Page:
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Friends Like These
By Carlo Wolff

Big Cats

By Holiday Reinhorn

Free Press, 224 pages, $14.95

You have to read some of Holiday Reinhorn’s tricky, psychologically acute stories more than once. You’ll want to. Big Cats is a savory series of stories about dysfunction sequenced as well and mysteriously as a good rock record. So clear, so limpid, so skillful; Reinhorn’s narratives span sketches of pain like “Charlotte,” explorations of family like “Good To Hear You,” culture gaps (make that chasms) like “By the Time You Get This,” and generation gaps in the nasty, weirdly funny “Fuck You.”

Reinhorn’s writing is extraordinarily dramatic. Could anyone stop after the first sentence of “Charlotte”? “The day Mrs. Linkbaugh moved in next door, I cracked my pubic bone in two places.” Talk about in medias pelvis. Turns out the narrator is a girl on the verge of adolescence, Mrs. Linkbaugh an over-the-hill sexpot looking for sympathy and then some. You have to read the story through (it doesn’t take long) to appreciate how thoroughly and intuitively Reinhorn enters and then expresses a little girl’s mind. It’s as if Reinhorn stuffed the stages of her development into drawers she can open and use at will.

Reinhorn’s stories aren’t that nice and her world isn’t particularly pretty, but it’s wide open, as if aching to be filled. It’s West Coast suburban: “Modesto is growing like a weed bed these days, and we’re giving out money to practically anyone who asks,” grumbles David, the haunted narrator of “Get Away From Me, David,” Reinhorn’s mordant exploration of a bank’s underclass. There are no neighborhoods here; even family members are strangers, as in “Good To Hear You,” Reinhorn’s startling confabulation of 9/11. The hero-victim is a father who gets into trouble because he doesn’t realize terrorists have attacked. Once he realizes what has happened, he calls his daughter to exchange stories about where they were when the Twin Towers fell. The ending—a definitive closure—is so perfect it almost feels like a con, like tying a ribbon. But it’s only Reinhorn nailing it—which she does every time.

Even technically showy stories like “Last Seen,” which is told through multiple viewpoints, are eerie, complex, resonant. Is this about teen smut? Is it about a murderous young woman? Is it about career ambition? All of the above. Then again, perhaps none. Perhaps it’s actually, and only, about high school, as “Get Away From Me, David” is about a bank and “Big Cats” is about a zoo. Reinhorn certainly makes you look at institutions a new way.

That’s partly because there’s little history here, few cities, precious little community. Besides Modesto, which David disdains in “Get Away From Me, David,” and a disembodied Los Angeles that figures in the well-designed, troubling family tragedy Reinhorn calls “By the Time You Get This,” the only defined city in this collection is Memphis, the locus of “Good To Hear You.” But even there, Memphis is only referred to: It’s the place where the distanced father lives, and the action takes place largely in phone conversations with his daughter. There is no sense of kinship here. Instead there is a yearning for community. Take the ambiguous catfight at the core of “Big Cats;” although it’s about anger, it’s also about connection.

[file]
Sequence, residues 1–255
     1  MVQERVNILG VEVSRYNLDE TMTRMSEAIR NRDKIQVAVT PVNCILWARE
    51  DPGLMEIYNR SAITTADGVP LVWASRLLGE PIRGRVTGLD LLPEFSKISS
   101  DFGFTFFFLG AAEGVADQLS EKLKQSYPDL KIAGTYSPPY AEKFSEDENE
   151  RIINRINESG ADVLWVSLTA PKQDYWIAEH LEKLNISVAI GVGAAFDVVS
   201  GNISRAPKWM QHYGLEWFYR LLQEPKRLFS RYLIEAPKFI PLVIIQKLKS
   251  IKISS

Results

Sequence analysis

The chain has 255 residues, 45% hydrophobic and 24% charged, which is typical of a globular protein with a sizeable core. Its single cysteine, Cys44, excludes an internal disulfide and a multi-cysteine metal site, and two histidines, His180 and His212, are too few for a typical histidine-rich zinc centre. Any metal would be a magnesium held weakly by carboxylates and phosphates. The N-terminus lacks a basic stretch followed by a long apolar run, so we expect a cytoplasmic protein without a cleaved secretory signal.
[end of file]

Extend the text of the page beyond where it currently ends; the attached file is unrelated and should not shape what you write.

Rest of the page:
Some stories are less populated than others, like “Africa,” an elegantly kinky chamber trio about Viennese horse sperm that puts sexuality in a whole new light. Some suggest the beginnings of a society, like “Seashell.” Here, Reinhorn probes a group of mentally retarded people who grope toward a social structure none of them can articulate. Again, Reinhorn easily occupies a different person’s mind. It’s a talent that transcends technique and makes her writing memorable. It also explains the restlessness that gives her writings its peculiar rhythm, and the way it cuts to the bone.

Take Brenda’s perception of Polly, her friend-rival in “Big Cats.” Polly’s sassy and rebellious, Brenda more prone to weltschmertz. As they change into their uniforms, Brenda stares at the flat-chested Polly, making her nervous. Polly bitches, then clams up.

Neither of us says anything while we’re dressing, and when she’s done, Polly leans up against a peeling birch whose papery bark crinkles as she rips big sheets of it away. I know she shouldn’t do that to the tree, but I’m scared to say anything even when there’s a smooth naked patch on the trunk that looks like it hurts.

Reinhorn peels away the motivations that drive us to hurt each other. She explores how society estranges, how, in “The Heights,” cruelty may be alluring and sensitivity costly. Her characters are, at first read at least, less memorable than her tone. But her tone and style are so strong you will want to revisit her book—not, perhaps, to make friends with her characters but to better understand your own story.


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